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    Megan Doyle

    Megan Doyle is a business technology writer and researcher whose work focuses on financial services, cybersecurity, and cross-cultural diversity and inclusion.

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Megan Doyle

Why DMARC is essential for online brand protection

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Email has profoundly changed the way all of us communicate—whether it’s for personal use, business use, or bridging the two to create brand-customer touchpoints.

But the very traits that have made email ubiquitous also contribute to its vulnerabilities. Email is so simple to set up that it’s easy for cybercriminals to send malicious emails that appear to be from a brand’s legitimate internet domain.

But brands can protect themselves by securing their outbound email using a global standard, Domain-Based Message Authentication Reporting and Conformance (DMARC). DMARC is one vital piece of the online brand protection puzzle that can help brands safeguard their reputation and protect their customers, clients, employees and suppliers from bad actors that fake their email addresses. Yet, new research from the State of Email Security 2020 found that only 28% of respondents were using DMARC, and only 22% of that group had deployed DMARC’s highest level of enforcement.

 

Why email makes brand exploitation so easy

Email recipients usually expect that senders are exactly who they claim to be, and that’s often the case. But this implicit trust creates an easy entry point for bad actors looking to exploit brands for phishing attempts, fraud, or malware attacks. It’s so easy to fake the “from” header of an email that almost anyone can do it, regardless of technical prowess, and it can usually be done for free. The potential for bad actors to spoof legitimate domains increases drastically when you consider that many companies have dozens of registered domains, and many also rely on third parties like customer relationship management systems to send emails on their behalf.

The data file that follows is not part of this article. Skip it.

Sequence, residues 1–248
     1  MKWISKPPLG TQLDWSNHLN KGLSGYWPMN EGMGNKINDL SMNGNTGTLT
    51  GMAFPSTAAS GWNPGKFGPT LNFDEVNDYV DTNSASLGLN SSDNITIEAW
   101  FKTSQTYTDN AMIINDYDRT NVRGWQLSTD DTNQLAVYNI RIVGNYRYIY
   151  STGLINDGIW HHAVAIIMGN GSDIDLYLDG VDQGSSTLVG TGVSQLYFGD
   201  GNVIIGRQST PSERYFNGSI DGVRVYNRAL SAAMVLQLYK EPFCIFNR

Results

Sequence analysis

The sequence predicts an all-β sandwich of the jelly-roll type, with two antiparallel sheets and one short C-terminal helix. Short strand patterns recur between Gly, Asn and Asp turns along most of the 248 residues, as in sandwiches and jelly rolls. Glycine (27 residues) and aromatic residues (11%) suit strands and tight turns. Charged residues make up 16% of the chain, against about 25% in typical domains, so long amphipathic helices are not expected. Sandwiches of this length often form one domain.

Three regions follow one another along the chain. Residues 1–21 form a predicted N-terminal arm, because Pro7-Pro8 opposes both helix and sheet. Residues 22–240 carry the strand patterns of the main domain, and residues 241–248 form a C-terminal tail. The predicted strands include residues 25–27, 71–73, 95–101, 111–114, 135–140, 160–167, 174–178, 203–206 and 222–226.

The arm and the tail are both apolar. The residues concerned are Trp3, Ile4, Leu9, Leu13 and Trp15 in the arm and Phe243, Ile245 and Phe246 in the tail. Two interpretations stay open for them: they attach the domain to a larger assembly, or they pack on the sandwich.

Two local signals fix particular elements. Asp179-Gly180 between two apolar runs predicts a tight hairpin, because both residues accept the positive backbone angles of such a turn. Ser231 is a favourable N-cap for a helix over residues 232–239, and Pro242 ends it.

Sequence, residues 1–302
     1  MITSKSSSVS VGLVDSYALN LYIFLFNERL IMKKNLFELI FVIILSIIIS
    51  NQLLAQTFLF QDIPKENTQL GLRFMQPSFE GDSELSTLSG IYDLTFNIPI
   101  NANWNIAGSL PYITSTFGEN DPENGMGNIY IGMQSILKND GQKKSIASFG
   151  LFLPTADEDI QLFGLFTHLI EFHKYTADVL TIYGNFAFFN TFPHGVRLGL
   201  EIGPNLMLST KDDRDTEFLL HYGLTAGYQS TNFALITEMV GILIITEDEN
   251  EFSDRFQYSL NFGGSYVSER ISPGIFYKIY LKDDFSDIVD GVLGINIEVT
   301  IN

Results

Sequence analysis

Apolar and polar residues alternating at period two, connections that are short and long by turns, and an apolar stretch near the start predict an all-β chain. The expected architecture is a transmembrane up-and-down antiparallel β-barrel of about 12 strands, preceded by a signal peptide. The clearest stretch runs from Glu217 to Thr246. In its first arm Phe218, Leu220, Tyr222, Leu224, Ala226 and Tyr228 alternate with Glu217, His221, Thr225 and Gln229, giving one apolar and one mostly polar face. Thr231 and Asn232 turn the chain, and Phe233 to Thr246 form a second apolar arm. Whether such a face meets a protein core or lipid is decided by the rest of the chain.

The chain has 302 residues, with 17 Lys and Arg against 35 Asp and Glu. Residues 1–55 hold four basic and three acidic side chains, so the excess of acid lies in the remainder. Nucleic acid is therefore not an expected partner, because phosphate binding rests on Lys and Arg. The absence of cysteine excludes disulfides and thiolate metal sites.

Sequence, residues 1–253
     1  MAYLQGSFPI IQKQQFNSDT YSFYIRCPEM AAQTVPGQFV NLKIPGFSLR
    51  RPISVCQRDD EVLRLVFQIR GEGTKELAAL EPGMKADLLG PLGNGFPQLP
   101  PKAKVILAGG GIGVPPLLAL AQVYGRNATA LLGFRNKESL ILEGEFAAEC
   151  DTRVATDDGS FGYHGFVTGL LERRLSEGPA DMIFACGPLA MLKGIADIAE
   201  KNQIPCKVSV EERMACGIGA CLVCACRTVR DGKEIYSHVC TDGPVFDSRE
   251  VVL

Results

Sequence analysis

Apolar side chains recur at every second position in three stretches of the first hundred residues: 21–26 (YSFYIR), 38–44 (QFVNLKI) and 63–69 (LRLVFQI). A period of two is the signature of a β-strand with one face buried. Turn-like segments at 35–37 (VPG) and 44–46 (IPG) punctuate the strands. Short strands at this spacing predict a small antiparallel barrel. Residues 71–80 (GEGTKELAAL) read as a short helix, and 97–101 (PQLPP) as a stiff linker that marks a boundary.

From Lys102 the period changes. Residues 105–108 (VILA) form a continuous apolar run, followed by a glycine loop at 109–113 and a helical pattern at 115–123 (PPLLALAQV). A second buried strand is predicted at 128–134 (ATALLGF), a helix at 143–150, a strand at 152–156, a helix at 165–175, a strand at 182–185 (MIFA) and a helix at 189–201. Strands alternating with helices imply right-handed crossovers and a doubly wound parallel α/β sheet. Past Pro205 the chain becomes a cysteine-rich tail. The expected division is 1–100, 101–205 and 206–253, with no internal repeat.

It also doesn’t help that humans are a major weak point in preventing cyberattacks, and that bad actors prey on our anxieties, vulnerabilities, and desires. An email that appears to come from a legitimate domain—a bank, for instance—may urgently request the recipient to change their password because their account was compromised. Ironically, that email might lure the recipient to a spoofed website that actually steals their account info, opening the door to identity theft, fraud, or even cyberattacks targeting the recipient’s employer.

Without a rigorous outbound email authentication strategy like DMARC, these bad actors can’t be stopped.
 

What is DMARC?

DMARC is an email authentication standard that can be used to help domain owners such as companies identify unauthorised email senders, in order to ensure that only valid emails reach recipients. It’s built on SPF and DKIM, two discrete email authentication mechanisms that are added to a domain’s DNS record to help prevent email spoofing. DMARC builds on the capabilities of SPF and DKIM by letting domain owners publish customisable policies in their DNS record. These policies help protect email recipients by enabling their email systems to detect and reject phony incoming emails before they can reach the recipient’s inbox. SPF and/or DKIM are required for DMARC to work, but it’s best to deploy both to avoid weak spots.
 

How does DMARC work?

Every time an inbound email server receives an email message from a domain with a DMARC record in place, it runs a DMARC check to determine if: